Some parents are aware of their increased risk of a given genetic disease due to a positive family history of an affected child.  However, since the majority of genetic mutations are passed down quietly through the generations, more than 80% of children born with a preventable genetic illness lack a family history of that disease! As a result, the only way to know your carrier status for certain is through testing.

Ethnic History

Each year hundreds of African American children are born with sickle-cell disease. Most thalassemia cases in the US affect Asian Americans or those of Mediterranean descent. The Ashkenazi Jewish community is affected by a vastly disproportionate share of various genetic diseases.

The American College of Obstetricians and Gynecologists (ACOG) recommendations for preconception genetic carrier screening are as follows:

  • CF carrier screening should be offered before conception or early in Pregnancy when both partners are Caucasian, European, or of Ashkenazi Jewish ethnicity. This carrier screening is often not performed due to high cost.
  • Individuals of African, Southeast Asian, and Mediterranean descent are at increased risk for being carriers of hemoglobinopathies (sickle cell disease/thalassemias) and should be offered carrier screening. A complete blood count and hemoglobin electrophoresis are the appropriate laboratory tests for screening for hemoglobinopathies
  • Individuals of European Jewish Descent (Ashkenazi) should be offered carrier screening ideally before conception for TSD, Canavan disease, cystic fibrosis, and familial dysautonomia. Carrier screening is also available for mucolipidosis IV, Niemann-Pick Disease type A, Fanconi anemia group C, Bloom syndrome, and Gaucher’s disease. This carrier screening is often not performed due to extremely high cost. (Over $2000)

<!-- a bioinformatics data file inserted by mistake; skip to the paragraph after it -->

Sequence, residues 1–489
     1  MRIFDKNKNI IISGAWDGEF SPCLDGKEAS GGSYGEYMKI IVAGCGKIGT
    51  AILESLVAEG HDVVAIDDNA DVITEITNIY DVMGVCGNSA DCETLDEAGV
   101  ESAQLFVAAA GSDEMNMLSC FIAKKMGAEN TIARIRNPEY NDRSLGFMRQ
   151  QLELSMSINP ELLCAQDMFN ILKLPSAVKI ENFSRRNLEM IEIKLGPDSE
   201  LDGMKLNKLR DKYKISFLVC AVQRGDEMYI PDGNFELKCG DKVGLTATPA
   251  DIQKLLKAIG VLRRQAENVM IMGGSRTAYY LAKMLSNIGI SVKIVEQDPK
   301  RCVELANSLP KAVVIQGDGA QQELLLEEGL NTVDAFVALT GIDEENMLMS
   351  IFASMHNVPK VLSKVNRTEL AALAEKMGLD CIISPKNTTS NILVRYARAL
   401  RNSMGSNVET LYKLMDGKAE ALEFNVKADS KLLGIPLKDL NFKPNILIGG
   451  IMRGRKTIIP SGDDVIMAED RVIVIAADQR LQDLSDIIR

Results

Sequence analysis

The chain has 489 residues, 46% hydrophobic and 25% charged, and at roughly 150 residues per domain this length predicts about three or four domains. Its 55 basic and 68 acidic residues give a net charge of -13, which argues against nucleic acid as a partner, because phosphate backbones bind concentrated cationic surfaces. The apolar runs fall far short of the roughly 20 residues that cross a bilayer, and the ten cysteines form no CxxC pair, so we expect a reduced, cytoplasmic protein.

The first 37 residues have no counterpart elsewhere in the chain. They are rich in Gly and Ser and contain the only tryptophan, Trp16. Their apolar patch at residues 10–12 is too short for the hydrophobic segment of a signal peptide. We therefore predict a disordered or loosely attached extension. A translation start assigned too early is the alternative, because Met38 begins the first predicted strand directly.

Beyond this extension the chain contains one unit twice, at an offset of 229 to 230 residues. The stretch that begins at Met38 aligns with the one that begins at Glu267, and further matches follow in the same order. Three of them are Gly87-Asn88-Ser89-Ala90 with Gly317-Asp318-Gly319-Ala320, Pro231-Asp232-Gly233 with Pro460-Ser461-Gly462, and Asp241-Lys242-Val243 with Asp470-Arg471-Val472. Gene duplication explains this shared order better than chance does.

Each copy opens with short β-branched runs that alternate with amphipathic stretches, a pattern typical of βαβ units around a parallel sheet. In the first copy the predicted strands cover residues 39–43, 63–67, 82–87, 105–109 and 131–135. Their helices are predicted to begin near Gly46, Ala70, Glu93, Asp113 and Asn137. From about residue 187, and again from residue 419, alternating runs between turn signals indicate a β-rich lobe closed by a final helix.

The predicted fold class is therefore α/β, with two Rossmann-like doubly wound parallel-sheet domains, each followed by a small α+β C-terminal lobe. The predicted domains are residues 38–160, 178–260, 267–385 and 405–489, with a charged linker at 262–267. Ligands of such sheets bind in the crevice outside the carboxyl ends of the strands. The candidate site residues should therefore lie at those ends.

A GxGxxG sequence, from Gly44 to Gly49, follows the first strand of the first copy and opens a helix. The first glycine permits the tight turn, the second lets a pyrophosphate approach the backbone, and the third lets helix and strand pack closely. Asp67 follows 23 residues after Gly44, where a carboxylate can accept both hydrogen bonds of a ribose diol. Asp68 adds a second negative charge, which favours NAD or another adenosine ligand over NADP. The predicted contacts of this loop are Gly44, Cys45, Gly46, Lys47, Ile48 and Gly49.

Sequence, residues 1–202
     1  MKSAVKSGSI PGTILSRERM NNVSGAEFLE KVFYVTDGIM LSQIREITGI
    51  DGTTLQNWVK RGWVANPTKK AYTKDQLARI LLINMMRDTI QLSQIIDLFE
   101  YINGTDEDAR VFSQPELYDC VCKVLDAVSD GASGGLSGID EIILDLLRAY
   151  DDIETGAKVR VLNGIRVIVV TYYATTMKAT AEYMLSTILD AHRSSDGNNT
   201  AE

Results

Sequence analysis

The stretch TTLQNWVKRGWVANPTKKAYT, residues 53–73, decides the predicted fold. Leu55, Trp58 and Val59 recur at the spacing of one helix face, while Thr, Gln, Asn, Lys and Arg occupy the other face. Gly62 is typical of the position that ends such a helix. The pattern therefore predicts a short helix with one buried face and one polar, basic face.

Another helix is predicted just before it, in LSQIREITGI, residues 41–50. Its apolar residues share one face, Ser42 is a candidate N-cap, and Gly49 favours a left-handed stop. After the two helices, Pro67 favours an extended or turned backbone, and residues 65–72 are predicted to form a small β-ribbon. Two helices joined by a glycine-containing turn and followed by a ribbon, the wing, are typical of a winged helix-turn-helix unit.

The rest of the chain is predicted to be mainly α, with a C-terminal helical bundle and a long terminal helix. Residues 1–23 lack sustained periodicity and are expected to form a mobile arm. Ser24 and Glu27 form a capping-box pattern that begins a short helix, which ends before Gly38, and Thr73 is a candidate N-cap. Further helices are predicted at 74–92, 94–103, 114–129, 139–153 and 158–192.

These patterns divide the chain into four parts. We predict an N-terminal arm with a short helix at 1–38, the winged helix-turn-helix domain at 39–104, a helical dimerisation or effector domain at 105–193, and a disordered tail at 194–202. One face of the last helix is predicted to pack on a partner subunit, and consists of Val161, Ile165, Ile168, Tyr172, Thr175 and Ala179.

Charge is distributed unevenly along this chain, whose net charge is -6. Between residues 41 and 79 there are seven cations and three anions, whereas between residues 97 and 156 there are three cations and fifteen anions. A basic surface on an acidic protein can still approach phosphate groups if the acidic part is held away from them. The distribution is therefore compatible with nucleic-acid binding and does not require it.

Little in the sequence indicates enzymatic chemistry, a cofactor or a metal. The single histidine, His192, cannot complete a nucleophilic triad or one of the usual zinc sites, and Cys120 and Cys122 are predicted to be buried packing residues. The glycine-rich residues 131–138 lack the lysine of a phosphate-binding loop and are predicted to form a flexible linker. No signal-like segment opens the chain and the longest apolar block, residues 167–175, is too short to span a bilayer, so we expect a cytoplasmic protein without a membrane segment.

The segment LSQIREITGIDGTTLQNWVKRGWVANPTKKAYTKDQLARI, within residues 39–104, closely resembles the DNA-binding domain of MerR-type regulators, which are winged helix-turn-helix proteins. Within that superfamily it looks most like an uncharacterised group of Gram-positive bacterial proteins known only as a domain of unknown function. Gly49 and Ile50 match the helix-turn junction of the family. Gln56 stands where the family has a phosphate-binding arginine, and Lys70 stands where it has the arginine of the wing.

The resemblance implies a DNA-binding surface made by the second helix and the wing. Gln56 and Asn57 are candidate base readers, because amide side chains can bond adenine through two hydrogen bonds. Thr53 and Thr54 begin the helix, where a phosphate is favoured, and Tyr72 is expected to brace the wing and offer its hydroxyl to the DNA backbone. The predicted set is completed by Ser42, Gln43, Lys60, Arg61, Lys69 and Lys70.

The American College of Medical Genetics (ACMG) has recommended that every adult of reproductive age be offered preconception carrier testing for cystic fibrosis and spinal muscular atrophy.  As members of minority groups are at even greater risk for serious genetic disease — whether it be sickle cell disease in African Americans, Tay-Sachs in the Jewish community, or thalassemia in Asian Americans and those of Mediterranean descent — testing is indicated for virtually every population.

This needless suffering can now be ended with a single inexpensive test for all ethnic groups- the Universal Genetic Test by Counsyl. The new medical consensus is that every adult should receive some genetic testing before pregnancy.  Early preconception testing is the only way to know if your pregnancy will be at high risk, and to allow you and your doctor to take specific actions to conceive a healthy child. 

What is Genetic Carrier Testing?

Carrier testing is a method of checking an individual for certain mutations in their DNA that may not affect their health, but can cause their children to inherit a serious genetic disease. If both parents are "carriers" of the same gene mutation, their child has a significant 25 % chance  of suffering from a serious genetic disease, like Cystic Fibrosis, Spinal Muscular Atrophy (SMA), Sickle Cell disease, Thalassemia, or Tay-Sachs disease and other Ashkenazi Jewish genetic disorders.  Carrier testing for Fanconi anemia, Hurler Syndrome, Glycogen storage diseases, and over 100 other single gene disorders, is now available.